This is a vision acutely in line with the contemporary generation of neo-hipsters and millennials. “Today’s ideal social form is not the commune or the movement or even the individual creator as such; it’s the small business. Every artistic or moral aspiration—music, food, good works, what have you—is expressed in those terms. . . call it Generation Sell,” wrote William Deresiewicz in an article for The New York Timesin November of last year. “Our culture hero is not the artist or reformer, not the saint or scientist,” continues Deresiewicz, “but the entrepreneur. (Think of Steve Jobs, our new deity). Autonomy, adventure, imagination; entrepreneurship comprehends all this and more for us. The characteristic art form of our age may be the business plan.”
To sell does not mean to sell-out. At least not the way it used to. The playwright can either play-in or lose out.
The novelist has already adhered. “These guys [contemporary novelists] are acutely aware of the multiple audiences for which they write,” says Szalay, whose upcoming new book is entitled The Novel After HBO. He continues: “For a generation of novelists that began to achieve fame and distinction in the early twenty-first century—like Michael Chabon, Jennifer Egan, Jonathan Lethem, Colson Whitehead, Junot Diaz, and Dana Spiotta—the term ‘sell-out’ just doesn’t apply.”
For performing artists to be able to adhere, our attitude towards money has to change. In a recent article. “A Dancer’s Retort,” in The Huffington Post, Brittany Beyer, dancer and associate editor of The Dance Enthusiast, also calls for a new form of operation in the performing arts. She writes:
One important issue is the dance artist’s attitude towards money. Many of us have been brought up with the idea that our field is beyond a job— to be an artist is almost a sacred calling. If you have ever danced you will understand. We love our art form and have the conviction that it does others good. With integrity and passion we put our bodies—our very selves—on the line to create. Our work is beyond a job description; in many ways it is a life’s practice or a life’s mission. How does one monetize that?
Healers are “sacred” too, aren’t they? Doctors, for instance. And we pay them, don’t we? We pay them a bundle. There is a whole other discussion here about health care in this country and about what we do and do not value socially and who gets access. The point, for now is—why should artists be poor? Other life missions and practices are paid for. If we pay people to heal our bodies, why shouldn’t we pay them to heal our souls? Perhaps this seems trite, cheesy, or too sincere. But, I think it’s true. And, truthfully, I don’t care about it sounding “too sincere.” Irony is no longer king.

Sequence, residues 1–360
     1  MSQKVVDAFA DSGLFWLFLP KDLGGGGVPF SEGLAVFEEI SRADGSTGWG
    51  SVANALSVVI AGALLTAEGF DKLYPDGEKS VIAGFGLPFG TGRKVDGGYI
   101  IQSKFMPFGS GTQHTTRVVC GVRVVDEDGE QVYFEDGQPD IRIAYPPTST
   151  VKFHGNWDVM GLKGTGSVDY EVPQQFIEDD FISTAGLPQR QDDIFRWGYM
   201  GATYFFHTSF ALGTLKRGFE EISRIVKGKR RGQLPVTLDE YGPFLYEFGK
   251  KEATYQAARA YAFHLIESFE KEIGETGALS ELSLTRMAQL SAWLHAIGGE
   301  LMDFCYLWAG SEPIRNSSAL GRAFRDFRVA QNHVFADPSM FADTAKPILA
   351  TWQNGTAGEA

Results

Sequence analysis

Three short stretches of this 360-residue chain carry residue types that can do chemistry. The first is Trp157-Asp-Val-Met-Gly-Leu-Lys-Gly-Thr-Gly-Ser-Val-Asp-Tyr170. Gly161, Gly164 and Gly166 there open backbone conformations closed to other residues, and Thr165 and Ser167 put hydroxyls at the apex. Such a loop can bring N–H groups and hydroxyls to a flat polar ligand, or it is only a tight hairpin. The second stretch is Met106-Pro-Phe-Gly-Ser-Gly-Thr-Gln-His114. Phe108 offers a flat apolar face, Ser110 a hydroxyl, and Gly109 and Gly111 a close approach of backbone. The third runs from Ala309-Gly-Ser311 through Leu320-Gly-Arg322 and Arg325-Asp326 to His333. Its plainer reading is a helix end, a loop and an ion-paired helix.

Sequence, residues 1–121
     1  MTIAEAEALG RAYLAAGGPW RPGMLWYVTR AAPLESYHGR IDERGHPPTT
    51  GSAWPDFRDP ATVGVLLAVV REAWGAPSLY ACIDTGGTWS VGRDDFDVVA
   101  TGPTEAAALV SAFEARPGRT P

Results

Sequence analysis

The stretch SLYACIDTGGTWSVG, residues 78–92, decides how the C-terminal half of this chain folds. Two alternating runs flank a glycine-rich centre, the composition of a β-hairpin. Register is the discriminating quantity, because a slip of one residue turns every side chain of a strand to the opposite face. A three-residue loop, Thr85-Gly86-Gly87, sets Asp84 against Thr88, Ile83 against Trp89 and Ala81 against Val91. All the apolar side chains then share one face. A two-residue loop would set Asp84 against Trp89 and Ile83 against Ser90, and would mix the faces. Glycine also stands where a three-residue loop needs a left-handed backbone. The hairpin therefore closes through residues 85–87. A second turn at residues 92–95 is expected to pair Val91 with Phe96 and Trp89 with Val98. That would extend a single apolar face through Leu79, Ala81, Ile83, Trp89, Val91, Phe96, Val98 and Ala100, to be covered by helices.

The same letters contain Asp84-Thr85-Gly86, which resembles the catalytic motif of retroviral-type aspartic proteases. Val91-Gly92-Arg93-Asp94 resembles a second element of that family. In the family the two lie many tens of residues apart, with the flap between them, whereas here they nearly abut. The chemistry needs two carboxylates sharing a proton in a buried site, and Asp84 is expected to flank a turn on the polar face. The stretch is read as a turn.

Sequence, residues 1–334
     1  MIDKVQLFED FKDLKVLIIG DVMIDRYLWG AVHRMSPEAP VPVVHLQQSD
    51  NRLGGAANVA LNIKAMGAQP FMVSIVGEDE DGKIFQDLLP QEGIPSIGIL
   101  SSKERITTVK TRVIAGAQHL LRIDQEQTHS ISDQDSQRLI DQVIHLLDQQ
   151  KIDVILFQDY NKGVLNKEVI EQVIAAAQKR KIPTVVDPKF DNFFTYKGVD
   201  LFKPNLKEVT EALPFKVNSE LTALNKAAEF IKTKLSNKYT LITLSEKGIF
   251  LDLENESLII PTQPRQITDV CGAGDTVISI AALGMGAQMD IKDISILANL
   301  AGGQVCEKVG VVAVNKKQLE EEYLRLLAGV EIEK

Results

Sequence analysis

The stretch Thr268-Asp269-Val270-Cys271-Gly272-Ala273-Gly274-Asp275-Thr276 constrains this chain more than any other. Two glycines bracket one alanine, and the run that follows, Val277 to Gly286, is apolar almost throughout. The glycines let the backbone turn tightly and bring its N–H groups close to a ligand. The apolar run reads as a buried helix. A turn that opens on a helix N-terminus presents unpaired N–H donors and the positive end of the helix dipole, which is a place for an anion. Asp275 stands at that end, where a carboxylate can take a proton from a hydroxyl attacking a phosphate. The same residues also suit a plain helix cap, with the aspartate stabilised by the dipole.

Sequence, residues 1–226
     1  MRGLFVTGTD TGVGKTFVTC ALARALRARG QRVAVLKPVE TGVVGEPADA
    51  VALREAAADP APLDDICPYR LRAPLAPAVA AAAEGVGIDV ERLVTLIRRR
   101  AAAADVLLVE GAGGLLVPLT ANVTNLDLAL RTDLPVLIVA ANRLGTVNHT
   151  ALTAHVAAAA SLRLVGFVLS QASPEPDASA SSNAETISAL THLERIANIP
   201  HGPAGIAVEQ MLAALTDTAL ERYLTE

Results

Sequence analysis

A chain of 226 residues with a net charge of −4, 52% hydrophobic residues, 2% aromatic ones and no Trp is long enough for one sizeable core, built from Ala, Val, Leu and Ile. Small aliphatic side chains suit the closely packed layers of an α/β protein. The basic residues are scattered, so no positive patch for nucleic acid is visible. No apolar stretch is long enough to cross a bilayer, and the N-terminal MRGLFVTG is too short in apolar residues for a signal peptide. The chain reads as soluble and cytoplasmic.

We cannot live without money. We cannot produce art without money. It seems to me impossible not to monetize the result of an artistic process. And, it seems sillier still to pretend like art and money have nothing to do with each other. As soon as artists realize this, the better off we will be. This mindset becomes dangerous when producers, not creatives are the one monetizing—particularly producers who are more interested in the money than the art (not all are like this, I should add). The clearest solution, again, seems to be for the artist/playwright to be tied to the production—to become, like in television, a “Showrunner.”
The Showrunner—people like David Chase of The Sopranos and Matthew Weiner of Mad Men—creates, writes, and produces; manages and markets. The Showrunner is more than just a writer. “The result is a paradigmatically neoliberal vision of the writer and his labor,” writes Michael Szalay in his article “The Writer as Producer; or, The Hip Figure After HBO,” published by Duke University Press this year.
This requires the artist to become a hybrid. Going back to the Icarus myth—allow the sun to give us energy, rather than drown us. This doesn’t mean we must always produce our own work. We can allow traditional models to merge with newer models, this too can be hybrid in nature. Technology now gives us all access to the means of production. The writer can now learn Photoshop. The creative can now market on Facebook and Twitter (and it works). The audience is used to receiving information from multiple sources. Devised Theater trends prove that audiences are open to theater reflecting the world they live in—after all Devised Theater is a form of hybridity, a place where all the artists are Showrunners in the sense that they take on many roles. Now it is time to apply this idea to the way we make money in the theater. It is our job, as theater professionals not to fall behind—not to kill art, or allow it to kill us. It is, in fact, our job to keep it alive, to keep it thriving in a world full of hybrids. It is our job to save people’s lives and to do this, we need to fully understand what it means to be alive, making and receiving art in twenty-first century America.